Pedro Arturo Salmeron, another NC6 member, is still in detention. He was almost deported, but Mao told Rewire her organization was able to support a pro bono attorney in appealing to the Board of Immigration Appeals (BIA) to stop proceedings.

Japeth Matemu, an immigration attorney, recently told Indy Week’s David Hudnall that “the BIA will tell you that it can’t modify the immigration judge’s ruling unless it’s an egregious or obvious miscarriage of justice. You basically have to prove the judge is off his rocker.”

It could take another four months in detention to appeal Salmeron’s case because ICE continues to refuse to release him, according to the legal fellow.

“That’s a low estimate. It could be another year in detention before there is any movement in his case. We as an organization feel that is egregious to detain someone while their case is pending,” Mao said. “We have to keep in mind that these are kids, and some of these kids can’t survive the conditions of adult prison.”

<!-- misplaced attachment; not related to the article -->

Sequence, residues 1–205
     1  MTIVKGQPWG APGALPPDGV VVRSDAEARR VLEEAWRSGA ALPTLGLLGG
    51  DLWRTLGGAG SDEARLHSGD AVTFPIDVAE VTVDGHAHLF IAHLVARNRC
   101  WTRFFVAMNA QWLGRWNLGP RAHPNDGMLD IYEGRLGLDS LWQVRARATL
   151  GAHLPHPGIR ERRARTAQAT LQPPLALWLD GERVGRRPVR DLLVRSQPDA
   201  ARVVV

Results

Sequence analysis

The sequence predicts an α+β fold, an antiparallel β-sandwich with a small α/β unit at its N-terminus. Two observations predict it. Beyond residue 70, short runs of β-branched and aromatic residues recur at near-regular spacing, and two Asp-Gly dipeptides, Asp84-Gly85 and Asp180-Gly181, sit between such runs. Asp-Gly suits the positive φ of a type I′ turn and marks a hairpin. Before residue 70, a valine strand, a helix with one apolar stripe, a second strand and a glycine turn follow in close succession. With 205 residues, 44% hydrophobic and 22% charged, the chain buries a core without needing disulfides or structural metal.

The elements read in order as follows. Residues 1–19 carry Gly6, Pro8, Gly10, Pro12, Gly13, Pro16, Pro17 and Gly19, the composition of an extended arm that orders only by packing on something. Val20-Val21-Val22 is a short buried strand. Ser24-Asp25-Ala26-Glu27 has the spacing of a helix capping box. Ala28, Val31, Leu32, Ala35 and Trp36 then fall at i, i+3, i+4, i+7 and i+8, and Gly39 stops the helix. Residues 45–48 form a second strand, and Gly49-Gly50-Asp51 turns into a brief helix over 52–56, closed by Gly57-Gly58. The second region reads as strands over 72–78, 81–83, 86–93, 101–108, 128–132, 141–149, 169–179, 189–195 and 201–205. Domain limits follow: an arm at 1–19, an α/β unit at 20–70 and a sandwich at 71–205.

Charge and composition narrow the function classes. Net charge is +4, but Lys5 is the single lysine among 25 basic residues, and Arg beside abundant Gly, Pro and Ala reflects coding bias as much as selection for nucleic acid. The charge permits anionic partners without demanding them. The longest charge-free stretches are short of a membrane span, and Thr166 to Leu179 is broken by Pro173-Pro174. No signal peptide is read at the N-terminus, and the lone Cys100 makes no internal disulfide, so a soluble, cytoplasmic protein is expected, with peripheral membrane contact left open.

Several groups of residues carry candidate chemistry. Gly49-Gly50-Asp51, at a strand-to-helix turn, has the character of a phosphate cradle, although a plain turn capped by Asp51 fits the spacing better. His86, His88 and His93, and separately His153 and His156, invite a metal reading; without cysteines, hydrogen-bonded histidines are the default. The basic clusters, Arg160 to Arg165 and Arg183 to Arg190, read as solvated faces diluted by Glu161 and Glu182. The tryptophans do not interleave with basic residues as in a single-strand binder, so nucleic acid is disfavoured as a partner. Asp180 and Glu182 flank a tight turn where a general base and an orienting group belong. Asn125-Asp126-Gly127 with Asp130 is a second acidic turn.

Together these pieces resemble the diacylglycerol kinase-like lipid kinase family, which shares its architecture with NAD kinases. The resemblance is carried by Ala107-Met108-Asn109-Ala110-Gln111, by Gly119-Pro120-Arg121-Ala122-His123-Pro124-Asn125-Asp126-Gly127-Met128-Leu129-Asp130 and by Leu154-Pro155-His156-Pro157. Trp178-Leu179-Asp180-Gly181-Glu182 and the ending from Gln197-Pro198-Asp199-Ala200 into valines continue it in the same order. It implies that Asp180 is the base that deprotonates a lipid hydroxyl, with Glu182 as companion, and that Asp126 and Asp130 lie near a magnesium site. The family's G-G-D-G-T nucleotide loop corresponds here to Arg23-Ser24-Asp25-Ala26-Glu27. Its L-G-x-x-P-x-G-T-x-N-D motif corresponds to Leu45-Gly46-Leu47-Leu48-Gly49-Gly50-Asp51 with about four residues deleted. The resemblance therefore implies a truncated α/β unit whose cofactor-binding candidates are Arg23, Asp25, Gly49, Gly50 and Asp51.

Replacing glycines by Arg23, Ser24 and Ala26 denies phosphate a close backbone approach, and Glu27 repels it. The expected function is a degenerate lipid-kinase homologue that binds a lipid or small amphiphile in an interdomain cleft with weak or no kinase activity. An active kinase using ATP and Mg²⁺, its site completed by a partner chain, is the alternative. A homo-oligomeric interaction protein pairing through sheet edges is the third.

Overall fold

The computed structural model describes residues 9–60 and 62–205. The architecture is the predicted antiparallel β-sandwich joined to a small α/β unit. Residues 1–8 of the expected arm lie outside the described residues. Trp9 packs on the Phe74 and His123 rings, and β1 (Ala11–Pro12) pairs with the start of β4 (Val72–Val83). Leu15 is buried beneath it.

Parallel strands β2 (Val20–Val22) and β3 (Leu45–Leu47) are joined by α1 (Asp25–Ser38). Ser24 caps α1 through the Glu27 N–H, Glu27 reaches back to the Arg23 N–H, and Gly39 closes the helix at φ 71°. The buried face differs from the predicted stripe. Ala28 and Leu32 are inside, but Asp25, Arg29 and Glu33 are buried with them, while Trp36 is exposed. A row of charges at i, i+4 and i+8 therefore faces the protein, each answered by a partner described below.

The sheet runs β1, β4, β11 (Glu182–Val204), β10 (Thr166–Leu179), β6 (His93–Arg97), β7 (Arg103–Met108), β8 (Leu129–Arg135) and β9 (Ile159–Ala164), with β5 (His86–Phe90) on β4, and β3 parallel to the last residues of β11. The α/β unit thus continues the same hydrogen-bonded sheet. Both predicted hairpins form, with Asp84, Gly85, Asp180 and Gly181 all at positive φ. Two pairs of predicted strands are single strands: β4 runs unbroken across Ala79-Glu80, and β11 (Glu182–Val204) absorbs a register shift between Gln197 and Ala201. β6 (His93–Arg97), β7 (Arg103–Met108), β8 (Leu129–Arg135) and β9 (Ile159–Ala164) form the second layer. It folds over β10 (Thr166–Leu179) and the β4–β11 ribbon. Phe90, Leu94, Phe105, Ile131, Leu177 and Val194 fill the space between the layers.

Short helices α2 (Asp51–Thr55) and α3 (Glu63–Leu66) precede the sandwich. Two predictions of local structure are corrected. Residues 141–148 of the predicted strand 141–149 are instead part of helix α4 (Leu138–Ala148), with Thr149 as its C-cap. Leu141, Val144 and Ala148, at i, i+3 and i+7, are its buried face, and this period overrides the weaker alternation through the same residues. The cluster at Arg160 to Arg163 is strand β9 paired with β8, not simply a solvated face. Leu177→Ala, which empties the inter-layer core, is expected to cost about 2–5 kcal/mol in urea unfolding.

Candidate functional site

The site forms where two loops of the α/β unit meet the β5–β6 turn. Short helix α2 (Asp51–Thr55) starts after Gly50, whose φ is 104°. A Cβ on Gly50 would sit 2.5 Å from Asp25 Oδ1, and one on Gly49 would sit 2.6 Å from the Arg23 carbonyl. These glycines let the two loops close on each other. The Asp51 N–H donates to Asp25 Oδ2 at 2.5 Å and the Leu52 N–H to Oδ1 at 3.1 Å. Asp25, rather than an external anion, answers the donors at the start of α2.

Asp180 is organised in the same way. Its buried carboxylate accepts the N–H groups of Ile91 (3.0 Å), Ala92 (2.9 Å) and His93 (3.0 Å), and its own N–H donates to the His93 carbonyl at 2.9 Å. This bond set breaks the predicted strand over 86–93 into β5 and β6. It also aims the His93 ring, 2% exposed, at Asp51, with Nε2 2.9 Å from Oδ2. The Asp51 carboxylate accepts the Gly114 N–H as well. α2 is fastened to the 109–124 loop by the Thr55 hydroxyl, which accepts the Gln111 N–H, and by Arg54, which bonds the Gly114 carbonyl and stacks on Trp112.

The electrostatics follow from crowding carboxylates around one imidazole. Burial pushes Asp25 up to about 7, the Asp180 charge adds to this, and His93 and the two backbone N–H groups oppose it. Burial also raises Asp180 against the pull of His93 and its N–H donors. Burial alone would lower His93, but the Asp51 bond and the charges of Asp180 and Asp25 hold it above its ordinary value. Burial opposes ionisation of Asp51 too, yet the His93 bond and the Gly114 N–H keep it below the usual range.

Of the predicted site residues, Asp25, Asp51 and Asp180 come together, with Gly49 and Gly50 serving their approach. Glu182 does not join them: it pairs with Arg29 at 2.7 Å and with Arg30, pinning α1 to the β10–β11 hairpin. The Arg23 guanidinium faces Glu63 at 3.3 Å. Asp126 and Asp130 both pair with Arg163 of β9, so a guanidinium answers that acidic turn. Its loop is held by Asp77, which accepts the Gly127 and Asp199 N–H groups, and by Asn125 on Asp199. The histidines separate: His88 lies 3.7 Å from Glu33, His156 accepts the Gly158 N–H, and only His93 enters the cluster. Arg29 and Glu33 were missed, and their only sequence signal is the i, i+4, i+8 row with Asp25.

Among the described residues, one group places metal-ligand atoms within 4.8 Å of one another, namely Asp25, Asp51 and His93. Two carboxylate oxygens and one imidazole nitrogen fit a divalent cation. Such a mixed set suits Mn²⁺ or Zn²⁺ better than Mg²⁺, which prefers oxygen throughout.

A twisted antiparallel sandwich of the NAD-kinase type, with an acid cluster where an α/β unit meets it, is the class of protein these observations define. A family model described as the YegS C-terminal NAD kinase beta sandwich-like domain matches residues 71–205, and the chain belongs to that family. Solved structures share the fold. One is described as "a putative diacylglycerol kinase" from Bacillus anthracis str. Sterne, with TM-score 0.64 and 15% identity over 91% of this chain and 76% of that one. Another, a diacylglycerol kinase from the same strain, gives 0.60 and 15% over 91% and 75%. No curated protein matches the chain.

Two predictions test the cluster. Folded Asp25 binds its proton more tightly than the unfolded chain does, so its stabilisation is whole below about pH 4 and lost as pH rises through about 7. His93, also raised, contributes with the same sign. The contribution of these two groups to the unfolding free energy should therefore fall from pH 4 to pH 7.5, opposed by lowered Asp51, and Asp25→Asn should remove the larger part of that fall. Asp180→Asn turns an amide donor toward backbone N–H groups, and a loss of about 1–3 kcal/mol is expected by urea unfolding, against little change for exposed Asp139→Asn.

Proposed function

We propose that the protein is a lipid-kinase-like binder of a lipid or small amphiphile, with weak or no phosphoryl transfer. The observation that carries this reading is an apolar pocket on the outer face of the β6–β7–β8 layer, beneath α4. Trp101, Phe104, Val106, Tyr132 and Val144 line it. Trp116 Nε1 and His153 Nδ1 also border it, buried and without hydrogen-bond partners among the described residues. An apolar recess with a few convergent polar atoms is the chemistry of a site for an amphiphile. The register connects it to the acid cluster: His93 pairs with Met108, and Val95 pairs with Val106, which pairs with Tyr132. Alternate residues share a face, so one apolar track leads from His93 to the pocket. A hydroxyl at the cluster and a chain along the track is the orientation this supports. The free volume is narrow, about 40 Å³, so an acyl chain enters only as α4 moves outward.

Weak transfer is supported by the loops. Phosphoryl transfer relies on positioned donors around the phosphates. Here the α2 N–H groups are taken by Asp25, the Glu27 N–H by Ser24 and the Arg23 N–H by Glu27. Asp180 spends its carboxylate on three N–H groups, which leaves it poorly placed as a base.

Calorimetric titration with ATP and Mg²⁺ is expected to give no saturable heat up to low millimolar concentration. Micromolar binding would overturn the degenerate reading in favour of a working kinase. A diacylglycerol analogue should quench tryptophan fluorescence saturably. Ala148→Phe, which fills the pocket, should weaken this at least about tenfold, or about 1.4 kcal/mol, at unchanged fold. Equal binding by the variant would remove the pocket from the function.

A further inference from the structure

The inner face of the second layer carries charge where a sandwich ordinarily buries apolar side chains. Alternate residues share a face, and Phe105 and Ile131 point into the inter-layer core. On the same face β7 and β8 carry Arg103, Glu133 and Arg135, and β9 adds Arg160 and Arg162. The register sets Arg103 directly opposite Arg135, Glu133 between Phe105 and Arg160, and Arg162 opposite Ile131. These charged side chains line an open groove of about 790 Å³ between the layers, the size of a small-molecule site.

Detention centers operate as prisons do, with those detained being placed in handcuffs and shackles, being stripped of their personal belongings, with no ability to move around freely. One of Acosta’s teachers told Rewire he wasn’t even able to receive his homework in detention.

Many of those in detention centers have experienced trauma. Multiple studies confirm that “detention has a profoundly negative impact on young people’s mental and physical well-being” and in the particular case of asylum seekers, detention may exacerbate their trauma and symptoms of post-traumatic stress disorder.